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Arduino Sound generator wanted

Discussion in 'Audio' started by GrahamB, Feb 28, 2018.

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  1. GrahamB

    GrahamB

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    Feb 28, 2018
    A Sound or tone generator for some Arduino projects I am working on.

    Controlled by the Arduino, possibly using a DAC no more than 2, even a digital pot or two but these are more expensive, but control voltages are 0-5V

    Requirements:

    • 0-5V control voltage via a DAC, or PWM output.
    • Outputs a tone in the range of human hearing, 20 – 20KHz, or at least the Piano range, ~25-4.5KHz
    • Digital volume control.
    • Must have an off or 0Hz to allow spaces between the notes or another method of achieving this such as volume.
    • Can require a separate power supply of anything up to 18V (2x9V batteries)
    • Can ideally produce separate waveforms, Sine, Square, Sawtooth (both rising and falling if possible) and Triangle.
    • Waveform selection must be controllable by software. Analogue master volume, tone controls etc. are allowed.
    • Cheap, preferably less than £15 Max for all the components.
    • No SM components, all should be breadboardable (is that a word?)
    Likely to be driving a very cheap speaker so sound quality is nice but not all that important.

    Background

    Using the Arduino I can drive a square wave quite easily, but it takes processor cycles and sounds tinny, I can’t generate a meaningful waveform at anything approaching 100Hz, never mind 20 KHz or even 4.5KHz.

    I have a basic electronics understanding, I fully understand (I think) wires, I even nearly understand those new fangled things like capacitors and transistors (Well, the npn ones). Diodes unfortunately are still just a one way street to me. But I am booked in for an induction course at my local college.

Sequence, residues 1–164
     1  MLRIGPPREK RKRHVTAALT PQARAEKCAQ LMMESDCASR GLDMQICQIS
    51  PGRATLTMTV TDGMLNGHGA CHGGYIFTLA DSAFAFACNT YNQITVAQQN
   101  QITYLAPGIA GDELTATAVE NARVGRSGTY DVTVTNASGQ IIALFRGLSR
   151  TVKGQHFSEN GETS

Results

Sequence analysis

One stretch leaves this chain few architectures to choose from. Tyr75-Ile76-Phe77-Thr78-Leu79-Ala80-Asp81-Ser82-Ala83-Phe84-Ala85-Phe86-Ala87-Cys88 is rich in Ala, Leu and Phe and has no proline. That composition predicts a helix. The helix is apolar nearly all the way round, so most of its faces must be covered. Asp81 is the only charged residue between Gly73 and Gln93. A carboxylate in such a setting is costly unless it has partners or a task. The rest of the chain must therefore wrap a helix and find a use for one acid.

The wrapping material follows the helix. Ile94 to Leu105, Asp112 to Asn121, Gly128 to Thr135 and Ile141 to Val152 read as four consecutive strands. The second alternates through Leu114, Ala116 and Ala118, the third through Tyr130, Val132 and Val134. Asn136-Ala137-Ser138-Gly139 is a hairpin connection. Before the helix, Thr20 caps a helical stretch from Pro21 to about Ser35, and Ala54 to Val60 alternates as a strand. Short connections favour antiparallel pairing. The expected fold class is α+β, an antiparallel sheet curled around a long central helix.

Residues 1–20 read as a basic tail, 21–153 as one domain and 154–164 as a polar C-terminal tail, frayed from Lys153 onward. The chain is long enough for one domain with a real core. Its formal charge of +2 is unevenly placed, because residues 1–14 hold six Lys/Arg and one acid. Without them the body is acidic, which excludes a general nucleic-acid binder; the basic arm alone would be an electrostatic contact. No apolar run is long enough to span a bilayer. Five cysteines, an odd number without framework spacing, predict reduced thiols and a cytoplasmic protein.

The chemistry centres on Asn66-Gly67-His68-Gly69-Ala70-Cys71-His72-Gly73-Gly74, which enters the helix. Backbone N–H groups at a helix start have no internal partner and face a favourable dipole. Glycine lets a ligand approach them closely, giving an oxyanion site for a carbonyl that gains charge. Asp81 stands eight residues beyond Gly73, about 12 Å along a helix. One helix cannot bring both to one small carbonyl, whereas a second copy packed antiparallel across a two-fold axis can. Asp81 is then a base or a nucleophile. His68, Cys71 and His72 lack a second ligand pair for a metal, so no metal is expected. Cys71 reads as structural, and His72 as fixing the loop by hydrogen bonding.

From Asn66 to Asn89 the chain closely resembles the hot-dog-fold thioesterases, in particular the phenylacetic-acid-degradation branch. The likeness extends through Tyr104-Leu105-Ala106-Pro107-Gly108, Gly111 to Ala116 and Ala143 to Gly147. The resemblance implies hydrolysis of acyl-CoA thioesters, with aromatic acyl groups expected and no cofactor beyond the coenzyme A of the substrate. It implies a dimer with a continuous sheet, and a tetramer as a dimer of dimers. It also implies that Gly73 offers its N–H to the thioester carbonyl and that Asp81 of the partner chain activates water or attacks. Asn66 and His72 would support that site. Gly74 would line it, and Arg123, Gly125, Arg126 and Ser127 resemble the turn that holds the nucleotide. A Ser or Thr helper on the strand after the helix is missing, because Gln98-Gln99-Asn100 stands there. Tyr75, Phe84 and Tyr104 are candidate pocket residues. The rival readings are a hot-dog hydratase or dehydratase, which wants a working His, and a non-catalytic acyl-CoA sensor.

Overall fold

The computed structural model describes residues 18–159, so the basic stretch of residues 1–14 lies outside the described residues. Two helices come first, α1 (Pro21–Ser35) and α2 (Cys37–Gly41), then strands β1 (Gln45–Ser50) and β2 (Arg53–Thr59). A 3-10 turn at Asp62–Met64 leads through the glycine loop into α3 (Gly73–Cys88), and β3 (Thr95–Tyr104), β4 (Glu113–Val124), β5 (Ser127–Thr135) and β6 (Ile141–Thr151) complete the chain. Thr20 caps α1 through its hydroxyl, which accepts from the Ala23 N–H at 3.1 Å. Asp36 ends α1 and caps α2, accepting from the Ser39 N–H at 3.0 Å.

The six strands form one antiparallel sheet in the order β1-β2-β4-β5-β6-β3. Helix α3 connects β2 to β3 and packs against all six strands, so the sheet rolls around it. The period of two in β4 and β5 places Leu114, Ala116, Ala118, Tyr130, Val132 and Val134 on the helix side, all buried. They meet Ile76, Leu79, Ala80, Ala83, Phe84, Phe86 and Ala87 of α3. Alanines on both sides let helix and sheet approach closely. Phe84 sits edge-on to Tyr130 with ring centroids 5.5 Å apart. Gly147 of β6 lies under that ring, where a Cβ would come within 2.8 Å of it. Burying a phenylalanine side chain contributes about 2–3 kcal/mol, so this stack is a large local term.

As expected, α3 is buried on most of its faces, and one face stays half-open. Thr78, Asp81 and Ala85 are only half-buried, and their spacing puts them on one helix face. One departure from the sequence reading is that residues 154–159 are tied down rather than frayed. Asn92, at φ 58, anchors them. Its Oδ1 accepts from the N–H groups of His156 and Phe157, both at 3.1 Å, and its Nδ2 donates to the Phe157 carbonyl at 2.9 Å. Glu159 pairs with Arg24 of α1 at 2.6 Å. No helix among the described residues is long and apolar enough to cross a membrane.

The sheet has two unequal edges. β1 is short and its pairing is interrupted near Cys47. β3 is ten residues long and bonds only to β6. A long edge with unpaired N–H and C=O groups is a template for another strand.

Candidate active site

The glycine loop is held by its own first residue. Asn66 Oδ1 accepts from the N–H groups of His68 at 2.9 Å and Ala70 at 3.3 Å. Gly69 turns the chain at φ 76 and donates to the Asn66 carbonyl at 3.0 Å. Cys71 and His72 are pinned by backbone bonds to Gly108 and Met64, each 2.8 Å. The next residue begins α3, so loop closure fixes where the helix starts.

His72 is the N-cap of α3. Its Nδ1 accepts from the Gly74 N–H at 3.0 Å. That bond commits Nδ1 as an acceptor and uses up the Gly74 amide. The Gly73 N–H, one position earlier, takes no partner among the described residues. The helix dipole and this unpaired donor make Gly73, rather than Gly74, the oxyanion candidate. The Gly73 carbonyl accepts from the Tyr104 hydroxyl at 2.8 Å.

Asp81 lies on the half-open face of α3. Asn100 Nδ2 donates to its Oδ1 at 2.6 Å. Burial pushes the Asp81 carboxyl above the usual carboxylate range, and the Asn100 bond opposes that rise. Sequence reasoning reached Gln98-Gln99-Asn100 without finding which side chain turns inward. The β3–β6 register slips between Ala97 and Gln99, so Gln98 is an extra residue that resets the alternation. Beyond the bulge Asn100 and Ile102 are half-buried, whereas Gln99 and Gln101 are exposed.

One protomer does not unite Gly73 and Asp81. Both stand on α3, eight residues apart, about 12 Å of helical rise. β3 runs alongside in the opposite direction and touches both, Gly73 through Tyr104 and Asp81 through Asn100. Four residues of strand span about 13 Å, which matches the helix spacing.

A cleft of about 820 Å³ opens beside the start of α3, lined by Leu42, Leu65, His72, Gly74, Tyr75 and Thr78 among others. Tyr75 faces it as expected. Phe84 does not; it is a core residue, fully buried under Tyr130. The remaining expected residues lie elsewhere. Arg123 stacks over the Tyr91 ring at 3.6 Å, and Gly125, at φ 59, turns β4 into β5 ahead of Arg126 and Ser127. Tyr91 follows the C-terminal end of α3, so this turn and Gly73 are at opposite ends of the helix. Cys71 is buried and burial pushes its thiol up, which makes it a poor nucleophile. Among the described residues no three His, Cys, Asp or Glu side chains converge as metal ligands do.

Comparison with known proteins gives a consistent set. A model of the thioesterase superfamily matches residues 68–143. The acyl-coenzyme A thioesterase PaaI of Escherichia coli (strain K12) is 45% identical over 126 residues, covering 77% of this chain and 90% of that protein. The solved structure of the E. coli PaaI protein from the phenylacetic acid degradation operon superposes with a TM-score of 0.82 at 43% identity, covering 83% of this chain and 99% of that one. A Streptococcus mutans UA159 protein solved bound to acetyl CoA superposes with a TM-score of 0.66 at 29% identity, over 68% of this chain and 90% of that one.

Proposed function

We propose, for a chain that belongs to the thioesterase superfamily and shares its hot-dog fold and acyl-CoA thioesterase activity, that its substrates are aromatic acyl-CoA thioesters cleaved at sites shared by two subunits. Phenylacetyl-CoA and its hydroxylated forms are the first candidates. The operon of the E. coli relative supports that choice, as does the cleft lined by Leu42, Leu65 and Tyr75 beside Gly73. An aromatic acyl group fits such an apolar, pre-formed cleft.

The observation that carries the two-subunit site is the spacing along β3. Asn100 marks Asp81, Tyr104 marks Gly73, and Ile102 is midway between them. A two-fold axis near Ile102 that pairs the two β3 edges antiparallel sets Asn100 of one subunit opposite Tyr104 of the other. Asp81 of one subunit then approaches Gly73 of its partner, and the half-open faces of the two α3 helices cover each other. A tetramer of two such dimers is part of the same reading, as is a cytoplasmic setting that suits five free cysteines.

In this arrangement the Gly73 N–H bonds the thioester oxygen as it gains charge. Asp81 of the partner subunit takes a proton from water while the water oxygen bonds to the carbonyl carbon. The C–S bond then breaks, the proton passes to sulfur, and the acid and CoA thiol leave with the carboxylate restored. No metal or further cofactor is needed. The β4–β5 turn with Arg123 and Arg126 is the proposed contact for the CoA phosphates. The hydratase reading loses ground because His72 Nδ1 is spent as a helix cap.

2. kellys_eye

    kellys_eye

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    Jun 25, 2010
  3. GrahamB

    GrahamB

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    Feb 28, 2018
    With digital control? This item does not claim to be digitally controllable. either in waveform, volume or anything else. Nor does it say anything about it's frequency range which makes me think it may not meet the requirements.
     
  4. kellys_eye

    kellys_eye

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    Jun 25, 2010
    GrahamB likes this.
  5. BobK

    BobK

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    Jan 5, 2010
    The trick to getting non-square waveforms out of a microcontroller is called PWM. To get audio signals up to 20 Khz, you would need to use at least 50KHz as the PWM frequency, 100KHz would be better. The PWM period is changed over a cycle of the designed waveform to match the voltage at that point in the cycle. You do this by using a table of values, and set the duty cycle of the PWM for each PWM cycle.

    The output of this is a bunch of pulses of varying widths. If you wanted to get a high quality signal out of it, you pass it through an RC circuit to smooth it to what would look like the desired waveform, but has jaggies at the PWM frequency. A multipole filter can pretty much remove the jaggies.

    But, if all you want to do is run a speaker, you don't even need to remove the jaggies. You can use the PWM signal out as is to drive and H-bridge with the speaker connected directly and a small capacitor across the speaker terminals. You would used signed values in the waveform table and reverse the H-bridge for negative values. With a 5V microcontroller you can get about 2.5W into an 8Ω speaker out of this simple method, without needing a power amplifier. This is basically a class D amplifier.